1)   Always go with specific items in mind. If you shop aimlessly, you will end up with VHS tapes, santa claus cake molds, and shot glass collections.

2)   Start with the classics. Value Village, the Salvation Army and Goodwill are well organized and cheap. Try asking when they pull out new arrivals, so that you’re looking at a fresh batch when you go.

3)   Move on to garage sales. When garage saleing, start at 7 a.m. and bring caffeine. Come prepared with lots of change, the latest local classifieds and a GPS. Always stop at unadvertised sales for better odds of finding good pieces.

4)   Then check out consignment, estate sales and auctions. I have to be honest, I’ve never been to an auction. But if they’re like estate sales (which are usually advertised in the paper) they are fantastic. Of Things Past and Around the Block, both in north Toronto, are great consignment stores.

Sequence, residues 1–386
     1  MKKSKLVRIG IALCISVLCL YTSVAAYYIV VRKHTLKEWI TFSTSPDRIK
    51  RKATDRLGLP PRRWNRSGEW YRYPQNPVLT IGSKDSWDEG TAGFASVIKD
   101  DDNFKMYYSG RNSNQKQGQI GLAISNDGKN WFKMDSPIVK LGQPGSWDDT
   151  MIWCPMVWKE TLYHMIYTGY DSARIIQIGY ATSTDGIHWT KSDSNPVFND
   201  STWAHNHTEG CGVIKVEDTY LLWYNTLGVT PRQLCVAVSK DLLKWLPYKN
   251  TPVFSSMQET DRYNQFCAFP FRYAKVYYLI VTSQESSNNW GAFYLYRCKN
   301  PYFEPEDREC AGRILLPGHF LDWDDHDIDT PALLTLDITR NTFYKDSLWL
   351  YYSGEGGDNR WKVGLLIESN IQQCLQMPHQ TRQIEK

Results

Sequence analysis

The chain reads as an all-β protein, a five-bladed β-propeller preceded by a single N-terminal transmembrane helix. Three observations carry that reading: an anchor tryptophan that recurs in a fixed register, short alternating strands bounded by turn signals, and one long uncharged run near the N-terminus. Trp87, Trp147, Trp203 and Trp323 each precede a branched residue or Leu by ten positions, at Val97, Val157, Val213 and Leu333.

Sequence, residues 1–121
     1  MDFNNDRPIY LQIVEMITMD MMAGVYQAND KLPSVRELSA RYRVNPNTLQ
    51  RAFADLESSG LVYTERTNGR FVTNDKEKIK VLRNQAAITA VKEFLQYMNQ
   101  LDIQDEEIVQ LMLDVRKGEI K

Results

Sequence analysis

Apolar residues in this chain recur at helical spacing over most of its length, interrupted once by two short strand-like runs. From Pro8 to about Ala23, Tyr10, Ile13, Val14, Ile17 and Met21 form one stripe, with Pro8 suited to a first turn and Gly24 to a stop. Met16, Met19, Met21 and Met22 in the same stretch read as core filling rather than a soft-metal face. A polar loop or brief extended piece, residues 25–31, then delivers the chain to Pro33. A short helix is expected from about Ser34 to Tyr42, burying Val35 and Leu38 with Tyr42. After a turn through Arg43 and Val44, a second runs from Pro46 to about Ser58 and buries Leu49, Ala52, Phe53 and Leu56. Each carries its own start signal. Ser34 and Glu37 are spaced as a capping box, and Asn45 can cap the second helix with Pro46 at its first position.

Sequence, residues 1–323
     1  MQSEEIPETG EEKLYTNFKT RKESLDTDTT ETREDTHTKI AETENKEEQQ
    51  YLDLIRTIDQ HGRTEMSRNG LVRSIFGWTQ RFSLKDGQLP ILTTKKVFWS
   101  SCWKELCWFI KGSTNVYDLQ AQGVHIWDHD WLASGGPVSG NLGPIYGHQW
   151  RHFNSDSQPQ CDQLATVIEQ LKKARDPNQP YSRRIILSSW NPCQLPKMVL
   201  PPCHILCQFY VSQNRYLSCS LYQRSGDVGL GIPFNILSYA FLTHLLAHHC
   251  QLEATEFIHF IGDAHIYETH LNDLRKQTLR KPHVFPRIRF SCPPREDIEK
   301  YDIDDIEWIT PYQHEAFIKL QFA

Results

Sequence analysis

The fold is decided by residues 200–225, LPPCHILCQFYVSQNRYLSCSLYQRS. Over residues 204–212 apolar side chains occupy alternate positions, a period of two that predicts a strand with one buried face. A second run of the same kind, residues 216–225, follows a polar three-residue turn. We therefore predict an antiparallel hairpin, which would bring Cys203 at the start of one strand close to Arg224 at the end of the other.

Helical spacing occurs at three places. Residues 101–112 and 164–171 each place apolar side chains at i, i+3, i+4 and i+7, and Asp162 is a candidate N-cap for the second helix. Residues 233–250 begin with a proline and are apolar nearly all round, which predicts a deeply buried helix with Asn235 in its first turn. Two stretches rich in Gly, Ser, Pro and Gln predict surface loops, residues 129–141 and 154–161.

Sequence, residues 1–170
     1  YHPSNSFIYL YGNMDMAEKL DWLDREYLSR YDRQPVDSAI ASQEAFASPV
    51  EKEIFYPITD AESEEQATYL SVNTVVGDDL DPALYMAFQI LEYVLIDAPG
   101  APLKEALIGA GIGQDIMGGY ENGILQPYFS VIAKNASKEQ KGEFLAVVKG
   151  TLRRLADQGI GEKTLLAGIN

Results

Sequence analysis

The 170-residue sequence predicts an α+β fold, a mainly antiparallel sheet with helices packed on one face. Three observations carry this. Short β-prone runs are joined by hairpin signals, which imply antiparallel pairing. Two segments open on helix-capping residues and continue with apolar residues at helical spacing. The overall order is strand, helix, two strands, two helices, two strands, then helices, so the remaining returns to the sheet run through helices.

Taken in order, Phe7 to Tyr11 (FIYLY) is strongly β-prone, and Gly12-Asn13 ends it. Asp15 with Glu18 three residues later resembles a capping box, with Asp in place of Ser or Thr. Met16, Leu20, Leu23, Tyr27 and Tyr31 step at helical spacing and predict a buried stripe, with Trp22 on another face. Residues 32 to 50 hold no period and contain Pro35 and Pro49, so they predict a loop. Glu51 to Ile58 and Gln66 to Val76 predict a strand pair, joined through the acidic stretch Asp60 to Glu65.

5)   Try the Re-Store. Support Habitat for Humanity AND find cheap sinks, light fixtures, and wallpaper.

6)   Next stop, antique stores. When you go to antique stores, you’re buying from people who have scoured sources 2 through 5 as well as hockshops and curbside garbage piles. You pay a bit more for those efforts, but there are some gems out there:

7)   Finally, flea markets. I have better luck buying food than antiques at flea markets, but the 400 market isn’t bad and the Elmvale market surprises me sometimes.

These benches were $40 and $60 at Dead People's Stuff in Bloomfield, PEC

These benches were $40 and $60 at Dead People’s Stuff in Bloomfield, PEC

Because I’ve basically been antiquing since birth, I already have a lot of old stuff. In fact, I probably have enough teak credenzas, rustic wardrobes and musty wicker baskets to fully furnish our new house. That said, I’m still pretty darn excited at the prospect of a few new little nooks to fill.

I’ve already dragged friends to antique stores in Toronto and Prince Edward County (side note: MacCool’s Reuse is a PEC mid-century mecca!) and look forward to more adventuring over the next few months.  Bring on the cracked tables and blue mountain pottery.

My mom scored two of these lamps (sans shades) at a Midland garage sale for $5

My mom scored two of these lamps (sans shades) at a Midland garage sale for $5